VASSILY A. NEBENZIA (Russian Federation), Security Council President for April, speaking in his national capacity, said normalization, security and stability in Libya are important not only for the country itself, but for the continued development of all of North Africa. The main goal at this stage is promoting fair, long-term and lasting settlement, as part of a Libyan-led and Libyan-owned political process, without any external interference. The cornerstone is holding general presidential and parliamentary elections, he said, welcoming the steps taken in this regard. He called on Libyan leaders to continue to seek reasonable compromise, emphasizing that the electoral process must include all Libyan political forces ‑ without discrimination ‑ to avoid military escalation. Underscoring the need to eliminate foreign military presence in Libya, he said the withdrawal from the country of all non-Libyan armed groups must be done in a synchronized and phased manner. In this regard, the role of UNSMIL is more important that ever, he noted. “The political settlement in Libya should not be a stage for international revelries,” he asserted, rejecting efforts of certain countries to exploit the instability in Libya to their own interest.
TAHER M. T. ELSONNI (Libya), aligning himself with Mozambique on behalf of the three African members of the Council, recalled his delegation’s statement before the 15-member organ in 2022 in which it tried to convey the questions of his country’s citizens. “Our people find that many of the statements made here are repetitive,” he said, adding that they have no real relationship to the realities on the ground. Stressing the Council’s moral responsibility, he said the Libyan people remain confused by the conundrum in which the Council calls on them to respect its outcomes and resolutions, but also insists on a purely Libyan-owned and Libyan-led solution. His country’s citizens are looking forward to breaking the vicious political cycle, he said, highlighting the success of the dialogues taking place currently on the constitutional path. However, they wonder what will happen if the consensus fails or if the consensus materializes, but there are spoilers or if the consensus is partial. They do not care about legal details or who is right and who is wrong, they want an end to the fighting, he underscored.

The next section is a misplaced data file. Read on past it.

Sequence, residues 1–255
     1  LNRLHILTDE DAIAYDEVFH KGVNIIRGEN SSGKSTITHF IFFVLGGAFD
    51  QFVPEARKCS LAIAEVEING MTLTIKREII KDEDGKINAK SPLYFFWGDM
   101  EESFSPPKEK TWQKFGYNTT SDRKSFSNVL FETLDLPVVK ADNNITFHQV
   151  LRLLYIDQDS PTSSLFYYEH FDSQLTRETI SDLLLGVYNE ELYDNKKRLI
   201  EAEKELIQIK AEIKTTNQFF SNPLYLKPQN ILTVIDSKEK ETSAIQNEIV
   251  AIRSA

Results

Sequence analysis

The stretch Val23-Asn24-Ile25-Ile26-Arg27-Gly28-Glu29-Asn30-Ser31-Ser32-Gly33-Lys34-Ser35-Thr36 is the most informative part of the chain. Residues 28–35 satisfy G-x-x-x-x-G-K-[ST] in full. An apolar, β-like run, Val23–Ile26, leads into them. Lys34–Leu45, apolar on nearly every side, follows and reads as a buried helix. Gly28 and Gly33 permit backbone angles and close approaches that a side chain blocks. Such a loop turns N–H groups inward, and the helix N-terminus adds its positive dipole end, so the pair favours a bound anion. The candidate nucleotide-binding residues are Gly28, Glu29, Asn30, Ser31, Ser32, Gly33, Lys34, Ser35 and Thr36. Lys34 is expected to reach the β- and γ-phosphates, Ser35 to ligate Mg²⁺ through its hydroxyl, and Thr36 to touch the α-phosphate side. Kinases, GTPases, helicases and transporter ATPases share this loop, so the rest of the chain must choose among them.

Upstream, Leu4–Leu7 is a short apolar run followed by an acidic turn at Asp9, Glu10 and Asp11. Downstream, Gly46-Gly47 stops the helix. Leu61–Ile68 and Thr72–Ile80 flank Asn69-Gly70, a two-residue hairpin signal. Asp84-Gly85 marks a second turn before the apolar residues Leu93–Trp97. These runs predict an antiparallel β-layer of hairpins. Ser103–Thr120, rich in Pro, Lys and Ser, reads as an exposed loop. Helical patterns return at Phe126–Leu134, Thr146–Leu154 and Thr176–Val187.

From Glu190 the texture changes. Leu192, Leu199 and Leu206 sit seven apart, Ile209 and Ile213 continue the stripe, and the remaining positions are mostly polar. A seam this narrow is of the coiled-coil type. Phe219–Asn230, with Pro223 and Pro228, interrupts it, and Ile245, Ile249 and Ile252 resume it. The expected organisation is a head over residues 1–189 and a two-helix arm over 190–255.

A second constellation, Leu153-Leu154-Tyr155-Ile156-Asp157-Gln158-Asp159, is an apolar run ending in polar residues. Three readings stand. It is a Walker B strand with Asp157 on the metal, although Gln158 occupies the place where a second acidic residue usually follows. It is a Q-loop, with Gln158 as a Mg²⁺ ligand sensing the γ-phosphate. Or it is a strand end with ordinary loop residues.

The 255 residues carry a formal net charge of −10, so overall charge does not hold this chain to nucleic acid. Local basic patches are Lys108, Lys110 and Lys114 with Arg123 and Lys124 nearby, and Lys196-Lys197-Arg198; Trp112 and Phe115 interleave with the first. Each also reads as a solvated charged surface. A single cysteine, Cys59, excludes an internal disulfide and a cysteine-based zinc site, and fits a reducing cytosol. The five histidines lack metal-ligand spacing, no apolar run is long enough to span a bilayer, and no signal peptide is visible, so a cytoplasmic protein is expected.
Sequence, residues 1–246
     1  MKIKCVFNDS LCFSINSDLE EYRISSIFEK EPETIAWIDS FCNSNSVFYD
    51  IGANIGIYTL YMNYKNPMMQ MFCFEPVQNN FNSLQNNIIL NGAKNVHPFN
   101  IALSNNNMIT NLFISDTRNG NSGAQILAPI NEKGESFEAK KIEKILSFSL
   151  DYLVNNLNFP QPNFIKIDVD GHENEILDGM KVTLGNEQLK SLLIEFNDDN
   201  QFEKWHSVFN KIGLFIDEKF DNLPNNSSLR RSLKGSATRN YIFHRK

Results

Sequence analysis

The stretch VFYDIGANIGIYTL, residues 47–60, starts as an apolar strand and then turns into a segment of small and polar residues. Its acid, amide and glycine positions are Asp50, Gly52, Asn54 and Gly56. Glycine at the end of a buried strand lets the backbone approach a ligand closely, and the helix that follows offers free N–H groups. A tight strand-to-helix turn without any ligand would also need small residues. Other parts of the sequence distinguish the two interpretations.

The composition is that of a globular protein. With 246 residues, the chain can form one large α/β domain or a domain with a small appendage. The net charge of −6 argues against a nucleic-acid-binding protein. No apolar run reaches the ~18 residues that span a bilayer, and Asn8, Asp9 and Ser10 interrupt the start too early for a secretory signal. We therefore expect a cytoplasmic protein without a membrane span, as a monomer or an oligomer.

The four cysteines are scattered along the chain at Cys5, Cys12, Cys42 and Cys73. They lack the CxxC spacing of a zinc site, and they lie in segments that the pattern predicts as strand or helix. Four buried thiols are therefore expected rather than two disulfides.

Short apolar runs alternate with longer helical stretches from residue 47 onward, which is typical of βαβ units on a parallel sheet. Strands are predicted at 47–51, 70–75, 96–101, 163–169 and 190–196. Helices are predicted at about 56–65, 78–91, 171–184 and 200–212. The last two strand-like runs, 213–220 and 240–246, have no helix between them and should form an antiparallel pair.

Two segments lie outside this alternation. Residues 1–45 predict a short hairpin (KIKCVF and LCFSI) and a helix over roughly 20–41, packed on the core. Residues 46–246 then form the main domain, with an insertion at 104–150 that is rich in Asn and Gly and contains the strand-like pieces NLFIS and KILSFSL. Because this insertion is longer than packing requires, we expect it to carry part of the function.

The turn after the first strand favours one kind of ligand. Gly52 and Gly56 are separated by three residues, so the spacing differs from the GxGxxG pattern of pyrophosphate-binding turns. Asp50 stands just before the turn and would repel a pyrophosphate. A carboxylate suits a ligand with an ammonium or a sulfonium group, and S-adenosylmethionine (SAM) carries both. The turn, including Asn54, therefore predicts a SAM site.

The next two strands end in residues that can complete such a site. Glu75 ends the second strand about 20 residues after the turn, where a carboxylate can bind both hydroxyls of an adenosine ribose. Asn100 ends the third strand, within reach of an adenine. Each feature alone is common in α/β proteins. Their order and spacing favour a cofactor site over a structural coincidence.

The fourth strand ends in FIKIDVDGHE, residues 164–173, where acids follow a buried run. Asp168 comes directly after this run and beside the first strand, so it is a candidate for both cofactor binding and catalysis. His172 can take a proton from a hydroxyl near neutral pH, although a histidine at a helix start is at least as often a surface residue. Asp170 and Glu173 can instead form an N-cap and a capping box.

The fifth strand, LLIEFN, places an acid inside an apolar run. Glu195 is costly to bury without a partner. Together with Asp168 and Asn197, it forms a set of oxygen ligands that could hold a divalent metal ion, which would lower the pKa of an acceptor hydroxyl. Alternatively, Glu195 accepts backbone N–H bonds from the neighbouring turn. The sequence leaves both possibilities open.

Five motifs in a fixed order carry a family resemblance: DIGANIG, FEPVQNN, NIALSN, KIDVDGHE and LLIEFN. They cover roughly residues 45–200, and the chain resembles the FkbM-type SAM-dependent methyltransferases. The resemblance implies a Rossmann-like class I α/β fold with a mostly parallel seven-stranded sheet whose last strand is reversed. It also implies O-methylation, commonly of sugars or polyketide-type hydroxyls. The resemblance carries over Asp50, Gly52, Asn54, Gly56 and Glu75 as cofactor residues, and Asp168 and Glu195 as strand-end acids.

Libya, he continued, needs assistance to complete all the vulnerable stages of a political transitions. Welcoming the Council’s decision to send a team to assess the country’s technical and logistical support needs as it undertakes the electoral process, he stressed that the High Commission for Elections as well as relevant national institutions require support. Further, Libya also needs technical support for registration and ballots, he said. “We continue to be optimistic,” he said, highlighting the national spirit in the country, and pointing to recent efforts aimed at reunifying military institutions and developing a Libyan army that will secure its borders. The stability of the region is crucial, he said, noting the precarious situation in Sudan and expressing hope that the current fighting in that country will end. Noting its impact on neighbouring counties including his, he added that the south of Libya continues to suffer from external interference. Reiterating the call on all countries interested in the Libyan dossier to work constructively towards the stability and safety of Libya, he hoped the recent “rapprochement between influential regional players” will lead to a compromise that will break the current crisis.
On human rights, he added that the current situation with regard to immigration and terrorism is the consequence of the crisis in Libya. The responsibility is collective, he stressed, adding that, but for the adverse interferences of recent years, this situation would not have happened. The migrant crisis does not start with Libya, he said, noting that his nation is a country of transit. Pointing to the existence of certain international trafficking and financing networks with ties to terrorists, he said: “Your statements were silent on those networks.” While this does not mean Libya is relinquishing responsibility, he asked: “Why don’t you receive and welcome those emigrants in your countries?” Noting that 17 April was the night of Qadr, which marks the arrival of the Qur’an among humans, he highlighted the disrespectful acts of some radical groups in Europe who burned the Qur’an and called on European Governments to fight Islamophobia.